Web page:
Senmyo Calendar (a variation of the lunar calendar that was created in ancient China) (宣明暦)

Senmyo Calendar is a kind of Chinese calendar. It is a lunar-solar calendar used in China and Japan. It is officially called the Chokei Senmyo Calendar.

The Japanese calendar is based on the old lunar calendar. The Christian Era is based on the Julian calendar until October 4, 1582, and it has been based on the Gregorian calendar since October 15, 1582.


The calendar was used for 71 years from 822 to 892 in Tang China.


Senmyo Calendar replaced the Taien reki (Taien Calendar) and the Goki reki (Wuji calendar) on February 3, 862, and was used for 823 years until February 3, 1685.

The Senmyo Calendar was replaced by the Jokyo reki (Jokyo calendar) on February 4, 1685.


The Senmyo Calendar, compiled by Joko in Tang China, was a superior calendar at that time. The calendar was particularly better at forecasting solar and lunar eclipses.


Bokkaishi introduced the Senmyo Calendar in 859. It replaced the Taien reki and the Goki reki. It is said that the calendar was strongly recommended by OKASUGA no Manomaro, who was a reki hakase (master of reki - calendar).

After that, the calendar was not replaced by a new calendar because of the weakened imperial court and the sluggish study of the calendar. Because the calendar was used for a long period of time, errors had been accumulated.

The calendar used to be compiled solely by the imperial court, and books concerning calendar calculations were secret except for the Onmyoryo (Bureau of Divination). However, because the Senmyo Calendar was used for quite a long period, the calendar began to be distributed among the general public, and also published. In addition, because the imperial court started to lose power after the Kamakura period, and it became difficult to distribute calendars produced in Kyoto to regional areas, calendars (private calendars) based on a method of making calendars of the Senmyo Calendar began to be produced independently in various parts of the country.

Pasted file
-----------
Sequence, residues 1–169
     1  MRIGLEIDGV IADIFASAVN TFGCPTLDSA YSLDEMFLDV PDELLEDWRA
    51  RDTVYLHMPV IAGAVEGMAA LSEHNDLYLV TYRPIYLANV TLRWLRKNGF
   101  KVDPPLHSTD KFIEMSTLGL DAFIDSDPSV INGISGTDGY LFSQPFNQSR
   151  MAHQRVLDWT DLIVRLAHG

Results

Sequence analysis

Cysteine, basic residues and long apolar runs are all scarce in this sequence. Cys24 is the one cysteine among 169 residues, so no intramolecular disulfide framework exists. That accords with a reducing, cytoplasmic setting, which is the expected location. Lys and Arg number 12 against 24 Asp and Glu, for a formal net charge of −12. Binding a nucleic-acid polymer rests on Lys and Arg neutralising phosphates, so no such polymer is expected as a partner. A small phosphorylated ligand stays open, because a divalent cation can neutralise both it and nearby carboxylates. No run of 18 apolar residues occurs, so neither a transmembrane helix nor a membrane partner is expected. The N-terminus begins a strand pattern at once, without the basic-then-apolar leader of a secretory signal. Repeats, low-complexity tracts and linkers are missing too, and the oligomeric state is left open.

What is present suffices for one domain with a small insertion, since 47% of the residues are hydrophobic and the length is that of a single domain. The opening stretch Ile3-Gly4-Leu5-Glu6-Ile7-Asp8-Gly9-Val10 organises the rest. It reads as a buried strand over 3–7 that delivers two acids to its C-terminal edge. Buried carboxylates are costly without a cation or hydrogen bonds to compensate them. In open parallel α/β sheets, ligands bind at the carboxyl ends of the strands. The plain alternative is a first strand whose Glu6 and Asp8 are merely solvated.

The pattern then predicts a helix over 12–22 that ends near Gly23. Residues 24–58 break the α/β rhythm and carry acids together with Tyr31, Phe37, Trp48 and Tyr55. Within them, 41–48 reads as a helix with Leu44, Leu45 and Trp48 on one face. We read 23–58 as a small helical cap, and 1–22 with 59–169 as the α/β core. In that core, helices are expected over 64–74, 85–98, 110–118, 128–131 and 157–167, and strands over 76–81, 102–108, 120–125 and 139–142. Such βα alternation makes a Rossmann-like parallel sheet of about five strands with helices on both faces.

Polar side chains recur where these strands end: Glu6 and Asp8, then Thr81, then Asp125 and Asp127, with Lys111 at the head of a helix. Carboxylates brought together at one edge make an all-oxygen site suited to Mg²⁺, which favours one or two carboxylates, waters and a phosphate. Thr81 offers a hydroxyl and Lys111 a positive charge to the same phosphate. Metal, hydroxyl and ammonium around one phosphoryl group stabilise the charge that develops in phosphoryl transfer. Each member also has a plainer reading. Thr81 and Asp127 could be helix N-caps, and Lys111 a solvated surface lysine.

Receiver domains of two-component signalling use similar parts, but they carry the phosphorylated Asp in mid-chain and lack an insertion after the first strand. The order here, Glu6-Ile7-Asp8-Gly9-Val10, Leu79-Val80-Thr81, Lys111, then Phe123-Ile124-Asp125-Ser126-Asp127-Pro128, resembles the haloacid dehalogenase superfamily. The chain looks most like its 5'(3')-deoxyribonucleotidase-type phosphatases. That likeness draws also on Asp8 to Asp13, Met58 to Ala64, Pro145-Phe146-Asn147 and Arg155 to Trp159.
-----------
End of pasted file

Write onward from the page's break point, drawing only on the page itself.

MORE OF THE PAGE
However, because the Kadenokoji family, which was in charge of calendar making in the imperial court during the Sengoku period (the period of warring states), was cut off, the compilation of the calendar in Kyoto became disorganized. As a result, a confusion occurred between the calendar compiled in Kyoto and private calendars such that the calendars used different Chijun-ho (a calendar technique for setting the leap month and leap day). For instance, a leap month scheduled for January 1583 according to Kyo-goyomi (a calendar made by Onyoryo - Bureau of Divination - in Kyoto) occurred in December 1582 in the estates of the Gohojo, the Uesugi, and Satomi clans where a private calendar Mishima-goyomi (a calendar made by the Kawai family and distributed from the Mishima-taisha Shrine) was adopted. Especially in Shinano Province where the Sanada and the Ashita clans adopted Mishima-goyomi, and the Suwa and the Ogasawara clans adopted Kyo-goyomi (a calendar made by the Onyoryo - Bureau of Divination - in Kyoto), confusion occurred because a leap month occurred differently within the same province.

In addition, 24 divisions of the old calendar and the first day of the month began to be indicated two days earlier than the actual dates in the early part of the Edo period (it can also be said that the calendar compiled in the ninth century had only an error of two days). Because of this, the Jokyo reki (Jokyo calendar) was compiled by Harumi SHIBUKAWA as a new calendar to replace the Senmyo Calendar.

[Original Japanese]